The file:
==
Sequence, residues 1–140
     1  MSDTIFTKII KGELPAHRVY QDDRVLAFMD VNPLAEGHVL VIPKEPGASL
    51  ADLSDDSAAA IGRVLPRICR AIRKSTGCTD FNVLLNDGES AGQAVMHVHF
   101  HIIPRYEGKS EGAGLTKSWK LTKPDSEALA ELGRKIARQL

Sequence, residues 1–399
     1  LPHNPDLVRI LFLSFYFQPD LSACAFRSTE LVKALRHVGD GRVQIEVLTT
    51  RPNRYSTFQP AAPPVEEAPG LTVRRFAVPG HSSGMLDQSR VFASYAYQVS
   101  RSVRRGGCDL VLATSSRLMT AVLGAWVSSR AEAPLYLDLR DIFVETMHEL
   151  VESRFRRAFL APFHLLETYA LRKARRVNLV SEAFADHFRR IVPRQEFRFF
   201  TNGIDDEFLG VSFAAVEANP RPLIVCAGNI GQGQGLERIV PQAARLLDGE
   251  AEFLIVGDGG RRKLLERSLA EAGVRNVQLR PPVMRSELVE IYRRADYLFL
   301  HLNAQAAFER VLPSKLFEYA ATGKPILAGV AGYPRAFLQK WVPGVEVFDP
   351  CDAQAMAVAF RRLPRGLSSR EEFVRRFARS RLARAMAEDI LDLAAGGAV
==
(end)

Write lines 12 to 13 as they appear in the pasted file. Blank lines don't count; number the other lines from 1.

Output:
   301  HLNAQAAFER VLPSKLFEYA ATGKPILAGV AGYPRAFLQK WVPGVEVFDP
   351  CDAQAMAVAF RRLPRGLSSR EEFVRRFARS RLARAMAEDI LDLAAGGAV